So, connecting the dots: from the enclosed sacred space of the mishkan, the tabernacle, first in the desert, thence in Shiloh; to the Temple with its centrality for the polity of Israel, especially during pilgrimage festivals; to the beit knesset, which filled a special need even as early as Temple times.
Finally, a curious article caught Journal Watcher’s eye, this analysis using artifacts from an ancient synagogue to flesh out the historical and sociological development from Tabernacle to synagogue. The venerable Dura-Europos synagogue in Syria — one of the oldest synagogues in the world, dating from 244 C.E. — is unique in that it was preserved intact and is resplendent with extensive wall paintings. The use of painted decorations and other artifacts in Dura as vehicles for teasing out the history of synagogues is the subject of Kära Schenk’s (Maryland Institute College of Art) “Temple, Community, and Sacred Narrative in the Dura-Europos Synagogue” (AJS Review, November, 2010).
Amongst the suggestions that emerge from rabbinic texts is that prayer in early synagogues was timed to continue the prayer that had been offered by the Priests in the Temple (and earlier, probably, in the Tabernacle) at the time of the Tamid, the regular daily sacrifice. (Indeed, the interruption of the Tamid toward the end of the first Jewish revolt in 70 C.E. was understood as a great national calamity. This happened, according to Josephus, on the 17th day of Tammuz, commemorated thereafter as a fast day.) Amongst the many findings in Schenk’s detailed discussion is that in the Dura — whose life was contemporaneous with the rabbinic period — the conception, indeed the very wording, of the ‘Amidah (the central daily prayer consisting originally of 18 benedictions) offered at Dura had a strong resonance with the depictions of the Tamid in one of the panels found in the synagogue. “Although we don’t know precisely what the synagogue community at Dura prayed ... the ‘Amidah may have served as a test case as to how liturgical prayer may have created a context for the congregation’s own interaction with the images [of the Tamid sacrifice].”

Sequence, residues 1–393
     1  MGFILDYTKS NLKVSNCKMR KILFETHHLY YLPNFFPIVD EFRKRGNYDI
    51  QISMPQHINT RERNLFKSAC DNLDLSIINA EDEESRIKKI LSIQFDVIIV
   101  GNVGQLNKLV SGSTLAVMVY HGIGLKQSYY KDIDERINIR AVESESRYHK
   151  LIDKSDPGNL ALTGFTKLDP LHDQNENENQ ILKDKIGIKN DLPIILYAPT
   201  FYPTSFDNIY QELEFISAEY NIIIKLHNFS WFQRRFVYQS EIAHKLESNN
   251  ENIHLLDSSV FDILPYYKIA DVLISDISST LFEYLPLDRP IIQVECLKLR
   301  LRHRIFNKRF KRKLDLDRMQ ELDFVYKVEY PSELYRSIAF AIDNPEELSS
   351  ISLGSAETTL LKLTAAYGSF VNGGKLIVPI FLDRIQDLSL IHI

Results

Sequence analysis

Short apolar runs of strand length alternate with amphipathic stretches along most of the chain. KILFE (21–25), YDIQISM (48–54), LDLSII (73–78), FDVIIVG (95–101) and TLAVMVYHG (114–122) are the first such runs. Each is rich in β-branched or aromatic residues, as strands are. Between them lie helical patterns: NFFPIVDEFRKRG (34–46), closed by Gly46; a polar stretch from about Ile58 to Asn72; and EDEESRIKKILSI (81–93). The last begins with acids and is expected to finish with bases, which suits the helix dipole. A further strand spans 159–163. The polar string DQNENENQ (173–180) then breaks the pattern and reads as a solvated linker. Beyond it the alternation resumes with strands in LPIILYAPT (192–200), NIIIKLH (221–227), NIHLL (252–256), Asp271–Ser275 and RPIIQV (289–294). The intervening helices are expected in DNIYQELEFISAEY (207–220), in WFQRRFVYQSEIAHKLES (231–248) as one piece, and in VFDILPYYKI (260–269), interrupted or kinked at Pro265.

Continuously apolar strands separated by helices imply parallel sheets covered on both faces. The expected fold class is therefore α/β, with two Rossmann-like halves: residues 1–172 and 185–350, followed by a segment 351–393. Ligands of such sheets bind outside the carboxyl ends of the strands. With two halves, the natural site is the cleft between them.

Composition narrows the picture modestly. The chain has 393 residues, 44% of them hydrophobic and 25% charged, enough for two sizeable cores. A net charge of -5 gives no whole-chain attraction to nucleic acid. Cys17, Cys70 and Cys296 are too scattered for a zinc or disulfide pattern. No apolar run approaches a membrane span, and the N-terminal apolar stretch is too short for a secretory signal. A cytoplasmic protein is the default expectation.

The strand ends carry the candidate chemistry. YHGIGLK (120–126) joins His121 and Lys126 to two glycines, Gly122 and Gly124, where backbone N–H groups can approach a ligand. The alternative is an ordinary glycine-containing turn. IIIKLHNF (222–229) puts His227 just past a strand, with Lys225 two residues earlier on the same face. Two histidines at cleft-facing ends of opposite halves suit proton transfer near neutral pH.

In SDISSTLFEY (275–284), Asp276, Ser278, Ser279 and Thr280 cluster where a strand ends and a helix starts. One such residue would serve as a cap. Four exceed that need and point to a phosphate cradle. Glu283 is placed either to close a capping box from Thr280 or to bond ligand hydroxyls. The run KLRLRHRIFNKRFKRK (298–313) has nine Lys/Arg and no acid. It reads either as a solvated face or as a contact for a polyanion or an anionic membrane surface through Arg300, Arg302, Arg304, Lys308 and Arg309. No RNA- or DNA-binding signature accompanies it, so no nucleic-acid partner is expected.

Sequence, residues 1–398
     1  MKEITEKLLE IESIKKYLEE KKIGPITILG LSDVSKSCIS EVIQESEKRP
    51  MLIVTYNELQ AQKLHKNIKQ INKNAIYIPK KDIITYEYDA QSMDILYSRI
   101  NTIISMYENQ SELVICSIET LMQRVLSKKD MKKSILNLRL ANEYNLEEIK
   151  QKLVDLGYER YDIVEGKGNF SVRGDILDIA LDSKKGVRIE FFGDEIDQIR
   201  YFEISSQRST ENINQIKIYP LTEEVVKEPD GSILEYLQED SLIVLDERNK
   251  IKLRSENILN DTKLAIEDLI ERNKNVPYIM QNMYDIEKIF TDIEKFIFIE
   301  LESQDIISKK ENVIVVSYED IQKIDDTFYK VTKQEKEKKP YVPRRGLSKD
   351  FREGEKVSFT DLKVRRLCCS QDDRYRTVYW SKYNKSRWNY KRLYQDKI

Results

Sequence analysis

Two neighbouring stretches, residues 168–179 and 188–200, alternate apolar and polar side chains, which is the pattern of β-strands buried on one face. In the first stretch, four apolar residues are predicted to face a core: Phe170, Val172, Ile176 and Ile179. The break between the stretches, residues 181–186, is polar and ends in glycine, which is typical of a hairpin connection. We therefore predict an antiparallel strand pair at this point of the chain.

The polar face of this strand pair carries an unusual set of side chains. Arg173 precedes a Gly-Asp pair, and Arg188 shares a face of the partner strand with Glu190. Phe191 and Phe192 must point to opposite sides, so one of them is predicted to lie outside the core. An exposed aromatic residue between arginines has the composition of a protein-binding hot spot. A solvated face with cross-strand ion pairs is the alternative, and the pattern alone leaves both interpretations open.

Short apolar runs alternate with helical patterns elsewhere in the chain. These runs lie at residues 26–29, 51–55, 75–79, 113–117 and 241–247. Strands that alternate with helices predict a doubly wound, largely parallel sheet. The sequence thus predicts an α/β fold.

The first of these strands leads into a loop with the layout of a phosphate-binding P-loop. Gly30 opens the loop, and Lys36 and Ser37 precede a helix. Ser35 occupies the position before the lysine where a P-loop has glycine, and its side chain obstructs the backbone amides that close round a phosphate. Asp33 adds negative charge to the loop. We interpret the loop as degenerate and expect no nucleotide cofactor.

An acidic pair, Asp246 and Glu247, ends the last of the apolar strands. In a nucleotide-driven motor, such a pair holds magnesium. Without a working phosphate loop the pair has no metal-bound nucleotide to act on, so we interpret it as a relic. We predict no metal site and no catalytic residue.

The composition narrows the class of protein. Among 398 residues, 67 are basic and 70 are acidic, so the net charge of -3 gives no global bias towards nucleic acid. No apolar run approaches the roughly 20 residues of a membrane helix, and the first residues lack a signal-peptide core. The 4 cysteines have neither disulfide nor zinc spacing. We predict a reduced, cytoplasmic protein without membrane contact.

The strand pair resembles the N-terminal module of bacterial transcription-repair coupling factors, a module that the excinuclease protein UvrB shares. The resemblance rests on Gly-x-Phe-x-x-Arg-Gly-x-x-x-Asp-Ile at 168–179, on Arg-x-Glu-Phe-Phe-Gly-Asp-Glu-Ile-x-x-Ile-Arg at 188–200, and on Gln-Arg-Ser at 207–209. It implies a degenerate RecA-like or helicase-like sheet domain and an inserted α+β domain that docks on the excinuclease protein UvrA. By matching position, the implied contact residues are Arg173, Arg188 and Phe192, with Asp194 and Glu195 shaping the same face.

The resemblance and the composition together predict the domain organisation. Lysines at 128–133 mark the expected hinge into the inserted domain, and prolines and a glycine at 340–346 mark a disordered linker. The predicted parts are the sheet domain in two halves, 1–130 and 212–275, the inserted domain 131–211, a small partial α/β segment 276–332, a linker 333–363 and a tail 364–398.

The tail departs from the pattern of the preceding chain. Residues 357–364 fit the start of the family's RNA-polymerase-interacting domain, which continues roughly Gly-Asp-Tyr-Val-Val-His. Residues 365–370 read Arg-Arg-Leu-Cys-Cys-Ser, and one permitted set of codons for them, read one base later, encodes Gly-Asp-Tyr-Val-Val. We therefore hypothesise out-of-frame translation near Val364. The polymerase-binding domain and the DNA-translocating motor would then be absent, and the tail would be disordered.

Form follows function? No question. But as Journal Watcher learns from this thoughtful article, function follows form as well, true to be sure in the evolution of the synagogue.
Jerome A. Chanes is the author of “A Dark Side of History: Anti- Semitism through the Ages”(ADL), editor of “A Portrait of the American Jewish Community”(Praeger) and editor of the forthcoming “The Future of American Jewish Religion”(Columbia University Press).